Explosive Underwater Volcanoes May Have Triggered 'Snowball Earth' Event

Posted: Jan 20 2016, 9:48pm CST | by , in Latest Science News


This story may contain affiliate links.

Explosive Underwater Volcanoes May Have Triggered 'Snowball Earth' Event
Extensive underwater volcanism during ridge spreading led to rapid alteration of volcanic deposits and major changes in ocean chemistry. Credit: Gary Hincks

It has been assumed that Earth underwent an extreme glacial period around 720 to 640 million years ago when thick sheets of ice covered almost the entire surface of the earth and turned it into a ‘Snowball Earth.’

Now research suggests that explosive underwater volcanoes were the main driving force behind that extreme glaciation.

Researchers are not sure about the causes of this extreme cooling. It has been widely believed that the breakup of supercontinent Rodinia, which contained most or the Earth’s entire landmass, increased the run-off from river into the ocean. This changed ocean chemistry and reduced carbon dioxide in the atmosphere, which in turn, increased the ice coverage and locked the Earth into deep freeze.

Vast ice sheets covering the surface reflected the sunlight away from the Earth and ceased all weather changes until carbon dioxide released from land-based volcanic activity warmed the atmosphere and rapidly melted the ice cover.

Researchers believe that the breakup of supercontinent Rodinia may have released huge amount of volcanic chemicals that brought changes in oceans, removed CO2 from the atmosphere and led to cooling the planet.

"When volcanic material is deposited in the oceans it undergoes very rapid and profound chemical alteration that impacts the biogeochemistry of the oceans,” said lead author Tom Gernon from University of Southampton. “We find that many geological and geochemical phenomena associated with Snowball Earth are consistent with extensive submarine volcanism along shallow mid-ocean ridges."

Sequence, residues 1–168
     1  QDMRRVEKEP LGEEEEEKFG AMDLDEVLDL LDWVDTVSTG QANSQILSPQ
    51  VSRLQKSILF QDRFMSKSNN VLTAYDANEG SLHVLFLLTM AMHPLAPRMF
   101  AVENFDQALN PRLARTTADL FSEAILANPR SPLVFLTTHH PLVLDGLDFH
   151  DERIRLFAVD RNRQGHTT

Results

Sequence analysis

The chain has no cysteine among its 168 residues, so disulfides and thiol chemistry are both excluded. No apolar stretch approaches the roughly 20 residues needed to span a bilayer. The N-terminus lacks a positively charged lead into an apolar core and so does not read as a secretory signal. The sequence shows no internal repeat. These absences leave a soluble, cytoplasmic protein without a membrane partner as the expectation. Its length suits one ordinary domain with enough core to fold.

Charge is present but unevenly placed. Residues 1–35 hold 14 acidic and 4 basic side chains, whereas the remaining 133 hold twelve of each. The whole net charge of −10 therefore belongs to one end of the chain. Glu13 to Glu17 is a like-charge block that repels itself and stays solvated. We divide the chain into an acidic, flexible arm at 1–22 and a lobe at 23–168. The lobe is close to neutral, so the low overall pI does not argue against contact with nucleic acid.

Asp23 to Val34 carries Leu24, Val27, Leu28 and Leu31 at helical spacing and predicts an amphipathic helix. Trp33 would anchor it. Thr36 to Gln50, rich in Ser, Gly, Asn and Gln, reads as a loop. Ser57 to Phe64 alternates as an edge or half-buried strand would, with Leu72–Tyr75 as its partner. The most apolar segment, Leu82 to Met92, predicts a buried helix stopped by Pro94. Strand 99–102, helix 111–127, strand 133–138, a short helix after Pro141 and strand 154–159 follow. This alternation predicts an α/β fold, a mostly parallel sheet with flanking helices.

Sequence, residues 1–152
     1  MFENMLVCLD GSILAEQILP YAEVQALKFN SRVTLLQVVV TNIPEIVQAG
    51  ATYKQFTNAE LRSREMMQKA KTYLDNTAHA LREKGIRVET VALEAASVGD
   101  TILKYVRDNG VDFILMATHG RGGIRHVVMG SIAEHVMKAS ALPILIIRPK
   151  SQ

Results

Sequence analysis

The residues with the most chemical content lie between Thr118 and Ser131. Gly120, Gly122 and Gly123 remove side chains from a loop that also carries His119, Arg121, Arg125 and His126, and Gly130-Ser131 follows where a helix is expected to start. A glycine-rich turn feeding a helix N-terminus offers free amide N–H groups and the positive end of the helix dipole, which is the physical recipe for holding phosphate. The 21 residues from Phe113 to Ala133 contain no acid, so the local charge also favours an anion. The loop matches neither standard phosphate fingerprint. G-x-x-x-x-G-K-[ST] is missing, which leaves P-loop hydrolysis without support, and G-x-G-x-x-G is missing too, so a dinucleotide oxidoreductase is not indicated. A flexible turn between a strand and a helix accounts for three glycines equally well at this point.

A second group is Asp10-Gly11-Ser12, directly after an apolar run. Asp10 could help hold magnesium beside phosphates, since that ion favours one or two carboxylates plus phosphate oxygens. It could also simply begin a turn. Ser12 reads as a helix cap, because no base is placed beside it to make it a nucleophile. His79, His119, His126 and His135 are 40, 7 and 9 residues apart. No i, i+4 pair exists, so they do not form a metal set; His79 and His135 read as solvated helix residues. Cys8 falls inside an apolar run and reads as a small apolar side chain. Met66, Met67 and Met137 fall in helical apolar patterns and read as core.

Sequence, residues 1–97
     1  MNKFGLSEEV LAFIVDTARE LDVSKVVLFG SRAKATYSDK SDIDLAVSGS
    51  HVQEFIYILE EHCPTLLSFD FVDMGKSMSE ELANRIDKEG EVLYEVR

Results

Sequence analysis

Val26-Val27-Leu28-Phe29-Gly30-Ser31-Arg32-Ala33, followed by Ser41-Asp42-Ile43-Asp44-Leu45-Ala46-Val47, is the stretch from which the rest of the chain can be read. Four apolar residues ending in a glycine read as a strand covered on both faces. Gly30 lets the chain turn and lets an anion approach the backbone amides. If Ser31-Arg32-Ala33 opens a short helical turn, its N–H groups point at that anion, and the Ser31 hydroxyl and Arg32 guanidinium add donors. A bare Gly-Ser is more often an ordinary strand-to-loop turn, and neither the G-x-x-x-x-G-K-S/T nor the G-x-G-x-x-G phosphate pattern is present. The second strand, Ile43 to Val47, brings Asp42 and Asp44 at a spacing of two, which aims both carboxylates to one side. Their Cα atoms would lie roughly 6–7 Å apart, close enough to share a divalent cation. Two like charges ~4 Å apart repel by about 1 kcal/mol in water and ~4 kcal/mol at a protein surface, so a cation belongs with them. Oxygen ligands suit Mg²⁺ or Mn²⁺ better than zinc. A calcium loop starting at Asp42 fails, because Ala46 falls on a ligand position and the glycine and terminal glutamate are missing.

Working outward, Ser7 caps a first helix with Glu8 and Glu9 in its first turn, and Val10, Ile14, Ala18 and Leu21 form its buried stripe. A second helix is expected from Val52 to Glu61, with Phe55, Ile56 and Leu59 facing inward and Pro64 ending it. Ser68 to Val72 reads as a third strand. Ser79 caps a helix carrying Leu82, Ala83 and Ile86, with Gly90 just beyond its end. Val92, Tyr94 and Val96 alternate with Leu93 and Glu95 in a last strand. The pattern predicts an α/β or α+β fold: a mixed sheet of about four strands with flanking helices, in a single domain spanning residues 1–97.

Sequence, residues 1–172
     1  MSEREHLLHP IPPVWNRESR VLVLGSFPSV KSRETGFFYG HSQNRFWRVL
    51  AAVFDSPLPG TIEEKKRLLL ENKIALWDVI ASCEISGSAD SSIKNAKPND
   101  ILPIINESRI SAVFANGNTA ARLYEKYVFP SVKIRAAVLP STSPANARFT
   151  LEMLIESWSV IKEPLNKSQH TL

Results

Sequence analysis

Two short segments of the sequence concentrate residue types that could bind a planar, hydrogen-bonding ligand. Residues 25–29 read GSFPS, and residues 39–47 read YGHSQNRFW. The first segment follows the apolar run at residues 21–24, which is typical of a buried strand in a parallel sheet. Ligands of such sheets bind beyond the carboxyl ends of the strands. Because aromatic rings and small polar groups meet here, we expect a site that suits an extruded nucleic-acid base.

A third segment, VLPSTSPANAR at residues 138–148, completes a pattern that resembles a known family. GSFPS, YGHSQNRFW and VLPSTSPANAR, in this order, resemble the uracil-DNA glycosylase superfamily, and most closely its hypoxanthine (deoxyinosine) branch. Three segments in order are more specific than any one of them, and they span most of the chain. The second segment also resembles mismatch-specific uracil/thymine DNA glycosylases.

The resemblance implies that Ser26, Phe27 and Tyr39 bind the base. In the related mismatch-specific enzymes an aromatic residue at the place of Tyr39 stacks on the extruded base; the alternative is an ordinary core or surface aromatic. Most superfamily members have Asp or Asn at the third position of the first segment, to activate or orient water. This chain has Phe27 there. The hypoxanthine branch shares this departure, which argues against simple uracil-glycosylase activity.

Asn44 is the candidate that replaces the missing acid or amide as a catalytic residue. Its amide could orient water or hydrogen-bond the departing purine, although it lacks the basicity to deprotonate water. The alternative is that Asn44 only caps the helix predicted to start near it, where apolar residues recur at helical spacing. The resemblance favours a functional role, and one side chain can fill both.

His model does not explain one of the most puzzling questions; how hundreds of metres thick deposits known as 'cap carbonates', laid in warm waters after Snowball Earth events.

Researchers suggest that when Rodinia broke up, lava erupted and produced the large amount of glassy pyroclastic rock called hyaloclastite and turned the oceans very rich in calcium, magnesium, silicon and phosphorus.

Gernon explained: "We calculated that, over the course of a Snowball glaciation, this chemical build-up is sufficient to explain the thick cap carbonates formed at the end of the Snowball event.”
The study also indicates how animal life began on Earth millions of years later.

This story may contain affiliate links.


Find rare products online! Get the free Tracker App now.

Download the free Tracker app now to get in-stock alerts on Pomsies, Oculus Go, SNES Classic and more.

Latest News


The Author

<a href="/latest_stories/all/all/47" rel="author">Hira Bashir</a>
The latest discoveries in science are the passion of Hira Bashir (). With years of experience, she is able to spot the most interesting new achievements of scientists around the world and cover them in easy to understand reporting.




comments powered by Disqus